With three producers on this project, one producing this film from out of town, it has been a true challenge to keep up communication.  Pre-production is never an easy time, and my least favorite part of filmmaking. Production is only slightly less stressful but more physically exhausting, but then follows the reward: editing. This is my favorite part of the whole process, where I and sometimes another Editor get to sit quietly in a slightly dark room playing with the images we have all worked so hard to capture, finding the nuances in performances, discovering connections, molding scenes and the pacing, and truly shaping the story into something we had never predicted while in development. 

Every time I am pre-producing a project and trying to get all the elements together in order to make the project happen, I always tell myself I want to make narratively simpler films, remove all the fluff and make things more sparse.  Partially to make this process less daunting, but also just to see what I have in a story when you get rid of the excess, cut the fat from the bone.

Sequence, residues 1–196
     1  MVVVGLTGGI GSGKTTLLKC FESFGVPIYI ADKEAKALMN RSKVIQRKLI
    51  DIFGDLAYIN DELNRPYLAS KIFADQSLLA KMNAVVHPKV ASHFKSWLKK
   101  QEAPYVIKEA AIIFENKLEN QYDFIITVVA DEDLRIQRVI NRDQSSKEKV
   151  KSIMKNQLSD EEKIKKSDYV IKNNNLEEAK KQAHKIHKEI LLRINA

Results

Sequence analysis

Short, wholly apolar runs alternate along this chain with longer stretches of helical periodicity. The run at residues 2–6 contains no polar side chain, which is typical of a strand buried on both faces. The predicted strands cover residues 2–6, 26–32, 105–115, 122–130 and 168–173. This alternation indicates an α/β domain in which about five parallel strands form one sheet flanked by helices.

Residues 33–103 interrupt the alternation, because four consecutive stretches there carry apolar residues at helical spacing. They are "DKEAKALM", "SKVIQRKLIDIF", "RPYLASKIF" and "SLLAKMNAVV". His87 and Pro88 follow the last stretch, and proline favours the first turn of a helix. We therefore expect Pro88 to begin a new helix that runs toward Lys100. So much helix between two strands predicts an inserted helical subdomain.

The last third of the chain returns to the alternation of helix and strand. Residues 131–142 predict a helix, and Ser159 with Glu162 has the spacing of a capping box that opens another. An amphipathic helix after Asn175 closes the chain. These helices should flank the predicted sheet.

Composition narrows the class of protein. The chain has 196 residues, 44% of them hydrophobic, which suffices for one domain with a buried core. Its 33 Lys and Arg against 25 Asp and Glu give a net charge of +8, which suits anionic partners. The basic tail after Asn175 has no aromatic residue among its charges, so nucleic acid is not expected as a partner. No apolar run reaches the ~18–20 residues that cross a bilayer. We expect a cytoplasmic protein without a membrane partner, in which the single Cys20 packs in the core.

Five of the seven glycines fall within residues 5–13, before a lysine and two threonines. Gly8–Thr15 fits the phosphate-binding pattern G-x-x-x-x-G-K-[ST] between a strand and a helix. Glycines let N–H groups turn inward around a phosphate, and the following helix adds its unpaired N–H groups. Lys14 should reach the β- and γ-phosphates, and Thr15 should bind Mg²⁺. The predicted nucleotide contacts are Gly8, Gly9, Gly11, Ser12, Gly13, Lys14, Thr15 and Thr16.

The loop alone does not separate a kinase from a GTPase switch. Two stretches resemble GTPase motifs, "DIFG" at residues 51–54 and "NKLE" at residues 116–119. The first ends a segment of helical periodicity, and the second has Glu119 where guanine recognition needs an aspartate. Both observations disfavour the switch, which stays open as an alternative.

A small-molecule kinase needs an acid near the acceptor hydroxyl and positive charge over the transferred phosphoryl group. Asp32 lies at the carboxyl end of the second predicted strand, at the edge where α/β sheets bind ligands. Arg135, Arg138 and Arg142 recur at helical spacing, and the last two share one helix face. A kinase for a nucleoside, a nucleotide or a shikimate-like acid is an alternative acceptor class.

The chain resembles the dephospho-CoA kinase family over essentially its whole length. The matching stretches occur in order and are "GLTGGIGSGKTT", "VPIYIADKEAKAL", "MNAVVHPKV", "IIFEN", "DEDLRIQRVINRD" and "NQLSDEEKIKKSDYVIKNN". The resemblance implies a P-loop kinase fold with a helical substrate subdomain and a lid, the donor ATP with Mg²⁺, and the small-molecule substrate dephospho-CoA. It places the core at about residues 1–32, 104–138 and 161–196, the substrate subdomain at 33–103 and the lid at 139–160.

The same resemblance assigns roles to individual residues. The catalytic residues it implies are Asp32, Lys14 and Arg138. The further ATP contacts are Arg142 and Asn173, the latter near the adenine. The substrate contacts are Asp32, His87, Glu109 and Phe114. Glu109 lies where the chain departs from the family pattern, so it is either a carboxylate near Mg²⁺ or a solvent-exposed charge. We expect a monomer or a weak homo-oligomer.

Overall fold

One problem with this DIY/tiny crew approach is that I always spend about 90 percent of my film time towards producing, and about 10 percent of it actually thinking through the creative process as a director.  I've never really had the luxury of just being able to focus only on directing. It is just an amazing amount of work to be having to gather costumes, find props, create the props I can't find, make contracts, schedules, agreements, location hunting, testing equipment, that at the end of the day, my job as a director gets little love and affection.  I hope to shower it with kisses on set.

And being on set is where I really have to challenge the actors to push themselves, allow them to trust their instincts, give the DP some "dance" time as well, meaning let him follow his instincts too, becoming a "ghost dancer" around the actors.  The Canon 7D is small enough to allow him that mobility.  I don't think keeping the camera on sticks is going to work for the majority of this film, and we really have to do some bold things for coverage.